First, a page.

We’re rolling out a new video series on our YouTube Channel: Technical tip videos! For our first, we’ll be covering a frequent teacher question: how can I sterilize media without an expensive autoclave? Read on for more information, or view our video!
Sterilization without an autoclave:
Microorganisms are everywhere – in the air, in the water, on our skin, all over the place. Most of the time, these microbes are a normal part of the ecosystem.
However, in the laboratory, we often need to prevent the wrong microbes from growing in our experiments. This requires sterilizing media and laboratory equipment to eliminate anything that might be living in or on it.
In many cases, researchers kill any microbes present in media or on equipment using heat, steam, and pressure. This is accomplished using an autoclave, which is a large, pressurized metal box. Once the equipment and supplies are placed in the autoclave, the door is closed, the air is pumped out to increase the pressure, and then steam is pumped into the chamber. The samples are held at 15 pounds per square inch and 121 degrees Celsius for 15 to 30 minutes.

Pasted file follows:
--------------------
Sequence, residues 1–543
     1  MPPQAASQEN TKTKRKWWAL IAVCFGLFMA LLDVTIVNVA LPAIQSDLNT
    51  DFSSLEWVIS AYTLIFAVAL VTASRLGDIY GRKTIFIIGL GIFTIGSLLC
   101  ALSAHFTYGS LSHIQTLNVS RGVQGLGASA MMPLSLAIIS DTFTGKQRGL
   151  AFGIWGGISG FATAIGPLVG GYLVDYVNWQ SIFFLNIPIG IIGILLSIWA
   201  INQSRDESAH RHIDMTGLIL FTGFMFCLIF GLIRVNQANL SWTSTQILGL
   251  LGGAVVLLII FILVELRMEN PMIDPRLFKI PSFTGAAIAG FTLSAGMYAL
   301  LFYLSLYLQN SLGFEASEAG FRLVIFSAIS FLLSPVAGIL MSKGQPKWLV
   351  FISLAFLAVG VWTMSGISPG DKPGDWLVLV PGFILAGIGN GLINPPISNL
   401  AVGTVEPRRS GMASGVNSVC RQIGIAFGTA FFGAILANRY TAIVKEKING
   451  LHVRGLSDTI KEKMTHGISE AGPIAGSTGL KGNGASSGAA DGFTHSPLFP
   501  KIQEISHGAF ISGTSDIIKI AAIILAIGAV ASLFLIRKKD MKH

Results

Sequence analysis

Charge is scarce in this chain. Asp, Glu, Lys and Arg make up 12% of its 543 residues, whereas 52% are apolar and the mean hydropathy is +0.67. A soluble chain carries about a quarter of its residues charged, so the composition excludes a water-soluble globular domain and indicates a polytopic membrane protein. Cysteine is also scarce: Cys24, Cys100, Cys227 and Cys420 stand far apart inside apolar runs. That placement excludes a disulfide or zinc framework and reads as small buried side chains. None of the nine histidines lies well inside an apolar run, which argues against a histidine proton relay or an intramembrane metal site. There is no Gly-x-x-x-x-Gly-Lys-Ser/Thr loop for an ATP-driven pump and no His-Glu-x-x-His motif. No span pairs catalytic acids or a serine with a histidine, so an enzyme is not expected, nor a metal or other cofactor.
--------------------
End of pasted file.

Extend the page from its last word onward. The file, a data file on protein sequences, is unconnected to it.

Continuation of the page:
Problem: Commercial autoclaves are large and expensive. While the autoclave is considered an essential piece of lab equipment, commercial autoclaves are large and expensive. A group of researchers in Australia searched for an effective, low-cost way to sterilize reagents and tools for underfunded labs and K-12 educators. With the rise in popularity of electric pressure cookers, they decided to test whether one of these cooking devices could reach the temperature and pressure necessary to sterilize their supplies.
According to the product literature, electric pressure cookers can reach the correct temperature and pressure necessary for sterilization. Most can be purchased for under $150 US Dollars, which makes them an excellent option for the lab on a budget. But would they be able to sterilize media, instruments, and waste? After introducing microorganisms to both sterile media and surgical instruments, the researchers placed the samples in each pressure cooker and ran them at each model’s maximum temperature and pressure for fifteen minutes or more.
The samples were removed from the pressure cooker and allowed to incubate at 30 degrees Celsius for one week to encourage the growth of microbes. All four pressure cookers could kill multiple strains of bacteria, as evidenced from the lack of cloudiness, or turbidity, in the media. One model, the Instant Pot, could even kill spores, which is a hallmark of more expensive, commercial grade autoclaves.
So, do you have bacterial plates you want to decontaminate? Or pipette tips to sterilize? Invest in an electric pressure cooker. The lack of an autoclave should not hold you back from success in the laboratory.
This research article is available online at https://dx.plos.org/10.1371/journal.pone.0208769